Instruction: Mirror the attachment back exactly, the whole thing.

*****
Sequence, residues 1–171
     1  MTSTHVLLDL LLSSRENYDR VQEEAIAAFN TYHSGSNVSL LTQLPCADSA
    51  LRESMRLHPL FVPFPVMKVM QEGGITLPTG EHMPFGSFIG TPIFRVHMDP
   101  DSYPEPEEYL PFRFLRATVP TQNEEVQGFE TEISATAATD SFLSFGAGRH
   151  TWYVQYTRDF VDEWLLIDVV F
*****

Sequence, residues 1–171
     1  MTSTHVLLDL LLSSRENYDR VQEEAIAAFN TYHSGSNVSL LTQLPCADSA
    51  LRESMRLHPL FVPFPVMKVM QEGGITLPTG EHMPFGSFIG TPIFRVHMDP
   101  DSYPEPEEYL PFRFLRATVP TQNEEVQGFE TEISATAATD SFLSFGAGRH
   151  TWYVQYTRDF VDEWLLIDVV F